This month we highlight the case of Daniel William Browning who in 1841 was tried for obtaining money under false pretences. Several witnesses were called to give evidence at the trial which took place on the 13th of August 1841.
In August 1841, Browning, using the name Thomas Ward twice attempted to obtain money from persons by claiming he had been hard done by.
On the 5th of August, Browning went to the house of Henry Goude claiming that six cows on the farm he owned in Cranfield had died of disease. Browning obtained five shillings from Goude, who gave Browning the money, “on the faith of his statement being true”.
Ref.QSR1841/4/5/22a The petition about the cows (above) was supported by the churchwardens of Cranfield. It shows all the signs of having been carried around in Browning’s pocket.
Browning, again going by the name of Thomas Ward, was arrested on the 7th of August in the Hertfordshire town of St Albans. Joseph Douglas, a policeman, tells of how he was called to the Red Lion Public House after Browning had claimed that he had been robbed of £31 by a “girl of the town”. However Douglas had doubts over the authenticity of the accusation, as he had unearthed two petitions for Ward, in which the addresses were different - one stating his address as Cranfield Bedfordshire and the other as Lilley in Hertfordshire. Acting on his belief that Browning was an imposter, Douglas took him into custody for questioning, where Browning admitted to being in the possession of the money.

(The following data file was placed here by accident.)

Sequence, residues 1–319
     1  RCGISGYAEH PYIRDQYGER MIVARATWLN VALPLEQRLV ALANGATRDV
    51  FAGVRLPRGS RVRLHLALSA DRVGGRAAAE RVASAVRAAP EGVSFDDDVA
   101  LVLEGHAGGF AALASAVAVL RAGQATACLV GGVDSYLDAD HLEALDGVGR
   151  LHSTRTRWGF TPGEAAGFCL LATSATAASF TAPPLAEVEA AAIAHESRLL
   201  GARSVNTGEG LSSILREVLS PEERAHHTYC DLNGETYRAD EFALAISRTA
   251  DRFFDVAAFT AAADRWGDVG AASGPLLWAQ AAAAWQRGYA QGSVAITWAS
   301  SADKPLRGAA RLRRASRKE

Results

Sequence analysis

Browning told Joseph Douglas that he ‘had been in the habit of travelling with carpet rugs’ and that ‘he was a dealer in straw plait,’ however, there is not much further information on Daniel William Browning, or Thomas Ward. Our Gaol database shows that at the time of his arrest he was 31 years of age and was 5ft 4 ¾ with brown hair. Browning was found guilty and on the 13th of August 1841 sentenced to six months hard labour in the Bedford new House of Correction.
Although there is no evidence to support Browning’s claim that he had lost cows due to a cattle disease, or whether he even owned cattle at all, the story does tie in to several other documents we have on cattle disease round this period that could have made his story more believable.
Ref.SFM 3/343 is a flyer containing an article advising on the prevention of cattle disease.
Ref.P42/28/3/44 is from the Rector of Eversholt, William S. Baker, stating that there will be prayers held on the matter of a cattle plague that was affecting the area at the time.
These two documents highlight the problem of cattle plagues in the mid 19th Century in Bedfordshire and this could be the reason Browning used the subject of cattle plagues to attempt to extract money from Henry Goude and the commonness of the issue could also be the reason to why Goude readily accepted Browning’s story and parted with his money.